Your Dog's First Season
September 23, 2010
The latest training techniques for pointing breeds, retrievers and spaniels.
"Releasing a young dog for his first wild bird hunt," Cap said, "will give you one of hunting's greatest pleasures. However, you should hunt him alone, not with other dogs, for at least his first several trips."
Pointing Breeds: This tip is from Cap Anderson of Hunt 'Em Up Kennels, 1390 SE 40th, El Dorado, KS 67042; (316) 644-8161; website www.huntemupkennels.com: e-mail firstname.lastname@example.org. Cap has been training pointing breeds professionally for six years, specializing in training for hunting. He breeds German shorthairs.
Cap feels that by hunting your youngster alone, you and he will be more able to set your own pace. More importantly, you can learn to read each other more precisely. Granting that a young dog can learn valuable lessons from an older, more experienced dog, Cap pointed out that he can also learn some less-than-valuable lessons. Ergo, you'll find it safer to hunt him alone for a while before exposing him to other dogs.
Cap recommends that you take another person, especially a family member or good friend, along in these early hunts, but only one person per outing. The two of you can take turns shooting. But you should shoot only once or twice per bird, and you should shoot only at birds your dog has pointed.
Cap stressed that you should never take a first-year dog out with a large group of hunters.
"Too many shooters, all shooting at one bird," he said, "can make a young dog gunshy, even if the youngster has been thoroughly gun-proofed in training. Some dogs become so terrified at so much shooting that they run back to the truck and refuse to go out. Others become 'huggers' that won't leave their owner's side."
If the one person you take along isn't familiar with your dog, Cap recommends that you let the two get acquainted before taking to the field. He even recommends that you let your friend play "fetch" with your dog as part of the introduction.
"When hunting," he said, "if your dog brings a bird back to your buddy, what difference does it make, as long as he brings it back to someone?"
When can you safely begin hunting your dog with other dogs? Cap recommends that you wait until after you've hunted your dog alone often enough to be able to read him and control him. Even then, you should hunt him with only one other dog, and that dog should be well-trained. Before the hunt, if possible, you should work the two together in a few training sessions. When hunting two dogs together, you and your buddy need absolute control over both dogs.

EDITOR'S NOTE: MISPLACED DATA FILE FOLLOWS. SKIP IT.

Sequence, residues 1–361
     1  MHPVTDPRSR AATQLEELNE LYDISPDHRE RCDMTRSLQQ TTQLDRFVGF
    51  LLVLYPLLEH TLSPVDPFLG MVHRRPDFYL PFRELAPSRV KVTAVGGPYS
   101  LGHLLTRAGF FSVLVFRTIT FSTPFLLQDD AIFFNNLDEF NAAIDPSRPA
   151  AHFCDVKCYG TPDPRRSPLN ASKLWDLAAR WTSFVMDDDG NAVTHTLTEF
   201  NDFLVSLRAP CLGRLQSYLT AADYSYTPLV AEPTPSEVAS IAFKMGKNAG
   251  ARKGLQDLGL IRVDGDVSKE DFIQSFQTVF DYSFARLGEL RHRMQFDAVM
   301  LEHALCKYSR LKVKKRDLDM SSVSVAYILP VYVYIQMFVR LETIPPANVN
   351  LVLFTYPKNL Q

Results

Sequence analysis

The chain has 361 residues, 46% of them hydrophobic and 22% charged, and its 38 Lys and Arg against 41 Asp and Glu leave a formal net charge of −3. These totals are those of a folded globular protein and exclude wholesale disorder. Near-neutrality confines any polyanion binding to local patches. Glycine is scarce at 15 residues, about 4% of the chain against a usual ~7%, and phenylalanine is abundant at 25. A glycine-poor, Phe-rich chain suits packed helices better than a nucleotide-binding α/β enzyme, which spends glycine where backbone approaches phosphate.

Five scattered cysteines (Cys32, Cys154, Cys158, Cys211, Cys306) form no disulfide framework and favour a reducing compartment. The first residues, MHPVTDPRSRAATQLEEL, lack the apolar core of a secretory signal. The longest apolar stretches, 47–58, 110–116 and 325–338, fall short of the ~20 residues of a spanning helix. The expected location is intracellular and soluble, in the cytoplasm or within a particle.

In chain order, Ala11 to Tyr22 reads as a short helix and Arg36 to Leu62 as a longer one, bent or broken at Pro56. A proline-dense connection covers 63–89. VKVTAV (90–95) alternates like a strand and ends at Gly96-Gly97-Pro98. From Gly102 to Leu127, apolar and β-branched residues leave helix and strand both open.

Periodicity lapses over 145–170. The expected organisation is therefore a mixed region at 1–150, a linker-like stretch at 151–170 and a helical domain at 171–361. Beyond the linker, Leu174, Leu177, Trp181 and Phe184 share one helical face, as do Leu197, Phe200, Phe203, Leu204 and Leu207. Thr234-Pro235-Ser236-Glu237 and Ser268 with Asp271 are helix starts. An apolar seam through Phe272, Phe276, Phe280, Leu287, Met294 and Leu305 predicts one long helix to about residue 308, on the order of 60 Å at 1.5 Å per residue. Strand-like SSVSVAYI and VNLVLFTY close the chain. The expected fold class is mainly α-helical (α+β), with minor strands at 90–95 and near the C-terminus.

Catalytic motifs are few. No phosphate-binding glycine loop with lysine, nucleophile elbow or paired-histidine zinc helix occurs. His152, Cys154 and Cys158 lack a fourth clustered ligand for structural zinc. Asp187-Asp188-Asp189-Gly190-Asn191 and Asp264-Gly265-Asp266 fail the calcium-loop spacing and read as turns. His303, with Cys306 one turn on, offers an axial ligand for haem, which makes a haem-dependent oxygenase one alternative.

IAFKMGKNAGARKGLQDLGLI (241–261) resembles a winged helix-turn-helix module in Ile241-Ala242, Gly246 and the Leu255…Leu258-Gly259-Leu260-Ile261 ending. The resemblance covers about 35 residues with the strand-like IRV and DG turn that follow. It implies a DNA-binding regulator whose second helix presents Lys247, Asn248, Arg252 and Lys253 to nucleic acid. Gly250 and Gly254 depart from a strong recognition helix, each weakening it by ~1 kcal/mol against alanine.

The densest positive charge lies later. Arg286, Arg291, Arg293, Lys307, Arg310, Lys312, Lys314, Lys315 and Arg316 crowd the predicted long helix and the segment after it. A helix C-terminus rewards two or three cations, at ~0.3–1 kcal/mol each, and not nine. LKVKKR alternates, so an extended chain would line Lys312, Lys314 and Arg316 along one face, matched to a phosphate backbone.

"Don't hunt your pointing dog with a flusher," Cap said, "unless you can keep them widely separated, like by a fence or hedgerow. If they get too close to one another, the flusher will flush birds that your dog has pointed. It doesn't take much of that to turn your pointing dog into a flusher."
Cap recommends that, when hunting your dog, you take along plenty of water for him.
You should also have a collar (e-collar if you've trained with it), a leash, a whistle, a first-aid kit, and a supply of treats.
"Don't overwork your dog," he said. "Hunt him for a couple of hours, even less if he shows signs of tiring or getting hot. Then give him drink and rest him awhile."
Cap's final thoughts: "Before taking your dog hunting, work him on all his control commands until he's really sharp. If you don't have time, have a pro tune him up for you."
Retrievers: This tip is from John Dahl of Oak Hill Kennel, 625 Black Hawk Road, Vass, NC 28394; (910) 245-2603; website www.oakhillkennel.com; e-mail email@example.com. John has been training retrievers professionally for 36 years, specializing in training for hunting and field trials. He breeds Labradors, goldens, and Chesapeakes.
"During your retriever's first season," John said, "you should take one hunting buddy along. Let him do the shooting while you concentrate on your dog's work. During that first season, forget about filling your gamebag."
He stressed that your hunting buddy should be a good shot, should avoid sky-scrapers, and should be careful to keep the muzzle blast from his shotgun away from your dog's head. He said that, although retrievers don't become gunshy easily, it can happen with too much muzzle blast too close.
"Retrievers aren't completely gun-proofed in training," he said. "To make them so, we'd have to shoot all their training birds directly over their heads. If we did that, they'd develop a hearing problem!"
He added that, although gunshyness is rare in our stable-temperamented retrievers, it can happen with too much exposure to too much noise too soon.
"For example," he said, "five hunters suddenly firing 15 magnum rounds near a sleeping dog can provoke a fearful reaction."
John feels that during your retriever's first hunting season you should not hunt him with another dog. To hunt two dogs together requires extensive specialized training for both dogs. The typical first-year youngster simply hasn't had enough of that training. In fact, John prefers never to hunt more than one retriever at a time. He has found hunts with multiple retrievers more stressful, less enjoyable, and no more productive than hunts with just one.
"In a hunt, one retriever is an asset," he said. "Two is a liability. Three is a disaster. If I go hunting with a new pal, and he wants to bring his retriever along, I leave mine in the kennel."
John said that when hunting waterfowl from a blind, given our current bag limits, a retriever will almost never get so much work that he tires and needs a rest. Even if he has to plow through all sorts of tangles and tules for each retrieve, he usually gets plenty of rest between flocks.